Temporary inhibition of Moloney-murine sarcoma virus (M-MSV) induced-tumours by adoptive transfer of ricin-treated T-lymphocytes

V. Cerundolo, P. Zanovello, D. McIntosh, R. Fabbris, A. J. Davies, D. Collavo

Research output: Contribution to journalArticle

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Abstract

The potential use of tumour-specific T-lymphocytes loaded with ricin in cell targeting experiments was investigated. Moloney-murine sarcoma virus (M-MSV)-specific T-lymphocytes, obtained in mass mixed leucocyte-tumour cell culture (MLTC) and a M-MSV-specific cytotoxic T-lymphocyte (CTL) clone, were incubated with 125I-labelled ricin in order to evaluate toxin uptake and release. The internalized ricin (4.5 x 10-17 mol and 6.5 x 10-17 mol per 102 MLTC and CTL clone cells, respectively) was released rapidly during the first 30 min following treatment, and at a constant but slower rate over the next few hours. The cytotoxic activity for ricin-treated cells evaluated against antigen-related target cells, in a short term incubation 51Cr release assay, was unaffected during the first 30 min after treatment but decreased with time over the next few hours. However, the growth of antigen related as well as of unrelated tumour cells was strongly inhibited by the addition of ricin-treated cells to the culture system, thus indicating that released ricin is toxic for untreated target cells. The in vivo localization pattern of ricin-treated radiolabelled MLTC cells was found to be comparable with that of untreated cells 1 h after i.v. injection into syngeneic sublethally irradiated mice. After 6 h, however, more radiolabel was recovered from the liver of mice receiving ricin-treated MLTC cells. Ricin-treated M-MSV-specific T-lymphocytes were injected i.v. into tumour bearing sublethally irradiated mice. A temporary tumour growth inhibition (up to 6 days) was achieved following transfer of low doses of ricin-treated MLTC or CTL clone cells (1 x 106 and 0.5 x 106, respectively). In contrast, in M-MSV injected control mice, receiving only free toxin (from 5 to 20 ng) or untreated tumour-specific effector cell tumours grew progressively. The therapeutic effect was apparently specific since the injection of ricin-treated alloreactive T-lymphocytes did not influence tumour growth. These results suggest that M-MSV-specific T-lymphocytes loaded with ricin can deliver toxin to the target tumour mass and have a transient therapeutic effect.

Original languageEnglish
Pages (from-to)413-419
Number of pages7
JournalBritish Journal of Cancer
Volume55
Issue number4
DOIs
Publication statusPublished - 1987

Fingerprint

Moloney murine sarcoma virus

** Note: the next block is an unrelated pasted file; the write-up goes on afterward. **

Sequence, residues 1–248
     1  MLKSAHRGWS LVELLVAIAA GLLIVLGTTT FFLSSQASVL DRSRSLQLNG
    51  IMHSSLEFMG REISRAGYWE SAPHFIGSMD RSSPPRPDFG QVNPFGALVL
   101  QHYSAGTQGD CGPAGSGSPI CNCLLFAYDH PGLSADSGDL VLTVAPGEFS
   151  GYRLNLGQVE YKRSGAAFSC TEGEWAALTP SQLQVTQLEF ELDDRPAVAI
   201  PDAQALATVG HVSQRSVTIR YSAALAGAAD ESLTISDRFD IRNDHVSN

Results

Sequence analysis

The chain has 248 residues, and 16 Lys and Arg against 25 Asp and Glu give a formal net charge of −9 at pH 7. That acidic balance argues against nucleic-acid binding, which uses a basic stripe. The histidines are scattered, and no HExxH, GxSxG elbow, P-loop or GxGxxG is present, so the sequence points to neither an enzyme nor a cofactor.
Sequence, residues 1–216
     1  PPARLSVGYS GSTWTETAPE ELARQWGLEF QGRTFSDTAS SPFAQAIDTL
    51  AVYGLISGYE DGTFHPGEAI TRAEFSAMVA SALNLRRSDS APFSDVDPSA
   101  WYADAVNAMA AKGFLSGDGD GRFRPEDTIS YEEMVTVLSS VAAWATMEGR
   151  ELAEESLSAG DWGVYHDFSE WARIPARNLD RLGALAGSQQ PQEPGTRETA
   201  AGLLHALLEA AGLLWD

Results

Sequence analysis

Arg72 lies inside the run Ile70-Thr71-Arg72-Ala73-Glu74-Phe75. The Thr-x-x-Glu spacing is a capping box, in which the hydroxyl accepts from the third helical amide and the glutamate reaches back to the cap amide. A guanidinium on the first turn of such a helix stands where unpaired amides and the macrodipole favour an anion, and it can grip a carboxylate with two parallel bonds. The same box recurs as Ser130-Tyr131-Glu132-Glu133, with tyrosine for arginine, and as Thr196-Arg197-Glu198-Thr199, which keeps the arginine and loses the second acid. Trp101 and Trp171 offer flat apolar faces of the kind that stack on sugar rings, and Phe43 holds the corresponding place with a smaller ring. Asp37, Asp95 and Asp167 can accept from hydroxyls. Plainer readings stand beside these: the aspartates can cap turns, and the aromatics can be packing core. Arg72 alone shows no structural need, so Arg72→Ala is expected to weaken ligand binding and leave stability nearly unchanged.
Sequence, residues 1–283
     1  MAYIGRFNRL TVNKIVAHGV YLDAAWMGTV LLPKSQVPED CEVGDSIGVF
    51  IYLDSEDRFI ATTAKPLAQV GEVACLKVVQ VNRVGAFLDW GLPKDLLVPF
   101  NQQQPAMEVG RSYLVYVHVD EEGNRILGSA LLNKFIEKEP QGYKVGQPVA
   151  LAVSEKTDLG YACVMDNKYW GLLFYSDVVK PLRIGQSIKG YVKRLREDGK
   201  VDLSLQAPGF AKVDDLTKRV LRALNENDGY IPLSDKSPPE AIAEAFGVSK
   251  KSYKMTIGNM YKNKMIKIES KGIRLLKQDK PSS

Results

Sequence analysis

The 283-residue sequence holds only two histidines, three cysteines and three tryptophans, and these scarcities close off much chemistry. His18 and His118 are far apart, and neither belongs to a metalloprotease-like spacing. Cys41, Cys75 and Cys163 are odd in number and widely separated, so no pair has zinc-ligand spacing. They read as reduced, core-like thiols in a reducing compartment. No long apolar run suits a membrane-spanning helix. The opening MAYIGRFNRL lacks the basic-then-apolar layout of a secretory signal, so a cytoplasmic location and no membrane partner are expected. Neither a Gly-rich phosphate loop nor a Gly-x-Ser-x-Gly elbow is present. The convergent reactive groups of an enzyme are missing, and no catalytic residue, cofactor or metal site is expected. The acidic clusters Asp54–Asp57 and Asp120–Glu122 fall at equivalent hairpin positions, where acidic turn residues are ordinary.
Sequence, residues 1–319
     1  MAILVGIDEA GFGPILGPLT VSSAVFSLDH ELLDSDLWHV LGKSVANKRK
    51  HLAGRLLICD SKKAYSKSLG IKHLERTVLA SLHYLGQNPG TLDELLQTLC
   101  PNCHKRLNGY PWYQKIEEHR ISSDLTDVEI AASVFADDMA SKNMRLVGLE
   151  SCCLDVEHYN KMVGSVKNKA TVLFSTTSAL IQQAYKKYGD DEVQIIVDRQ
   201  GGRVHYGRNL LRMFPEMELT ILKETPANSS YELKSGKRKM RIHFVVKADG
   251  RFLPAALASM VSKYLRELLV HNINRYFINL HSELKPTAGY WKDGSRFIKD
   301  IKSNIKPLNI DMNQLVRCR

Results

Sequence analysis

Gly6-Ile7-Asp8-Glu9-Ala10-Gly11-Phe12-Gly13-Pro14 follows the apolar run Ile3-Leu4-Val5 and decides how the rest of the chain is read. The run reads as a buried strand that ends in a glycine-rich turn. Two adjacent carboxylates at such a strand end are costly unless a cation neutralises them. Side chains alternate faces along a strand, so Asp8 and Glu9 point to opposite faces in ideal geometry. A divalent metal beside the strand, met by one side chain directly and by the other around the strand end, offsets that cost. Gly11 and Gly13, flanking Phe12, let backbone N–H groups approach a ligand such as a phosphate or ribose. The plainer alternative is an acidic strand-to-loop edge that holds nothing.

Ricin
Adoptive Transfer
T-Lymphocytes
Neoplasms
Cell Culture Techniques
Leukocytes
Cytotoxic T-Lymphocytes
Clone Cells
Therapeutic Uses
Growth
Antigens
Injections
Poisons

ASJC Scopus subject areas

  • Cancer Research
  • Oncology

Cite this

Temporary inhibition of Moloney-murine sarcoma virus (M-MSV) induced-tumours by adoptive transfer of ricin-treated T-lymphocytes. / Cerundolo, V.; Zanovello, P.; McIntosh, D.; Fabbris, R.; Davies, A. J.; Collavo, D.

In: British Journal of Cancer, Vol. 55, No. 4, 1987, p. 413-419.

Research output: Contribution to journalArticle

Cerundolo, V. ; Zanovello, P. ; McIntosh, D. ; Fabbris, R. ; Davies, A. J. ; Collavo, D. / Temporary inhibition of Moloney-murine sarcoma virus (M-MSV) induced-tumours by adoptive transfer of ricin-treated T-lymphocytes. In: British Journal of Cancer. 1987 ; Vol. 55, No. 4. pp. 413-419.
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abstract = "The potential use of tumour-specific T-lymphocytes loaded with ricin in cell targeting experiments was investigated. Moloney-murine sarcoma virus (M-MSV)-specific T-lymphocytes, obtained in mass mixed leucocyte-tumour cell culture (MLTC) and a M-MSV-specific cytotoxic T-lymphocyte (CTL) clone, were incubated with 125I-labelled ricin in order to evaluate toxin uptake and release. The internalized ricin (4.5 x 10-17 mol and 6.5 x 10-17 mol per 102 MLTC and CTL clone cells, respectively) was released rapidly during the first 30 min following treatment, and at a constant but slower rate over the next few hours. The cytotoxic activity for ricin-treated cells evaluated against antigen-related target cells, in a short term incubation 51Cr release assay, was unaffected during the first 30 min after treatment but decreased with time over the next few hours. However, the growth of antigen related as well as of unrelated tumour cells was strongly inhibited by the addition of ricin-treated cells to the culture system, thus indicating that released ricin is toxic for untreated target cells. The in vivo localization pattern of ricin-treated radiolabelled MLTC cells was found to be comparable with that of untreated cells 1 h after i.v. injection into syngeneic sublethally irradiated mice. After 6 h, however, more radiolabel was recovered from the liver of mice receiving ricin-treated MLTC cells. Ricin-treated M-MSV-specific T-lymphocytes were injected i.v. into tumour bearing sublethally irradiated mice. A temporary tumour growth inhibition (up to 6 days) was achieved following transfer of low doses of ricin-treated MLTC or CTL clone cells (1 x 106 and 0.5 x 106, respectively). In contrast, in M-MSV injected control mice, receiving only free toxin (from 5 to 20 ng) or untreated tumour-specific effector cell tumours grew progressively. The therapeutic effect was apparently specific since the injection of ricin-treated alloreactive T-lymphocytes did not influence tumour growth. These results suggest that M-MSV-specific T-lymphocytes loaded with ricin can deliver toxin to the target tumour mass and have a transient therapeutic effect.",
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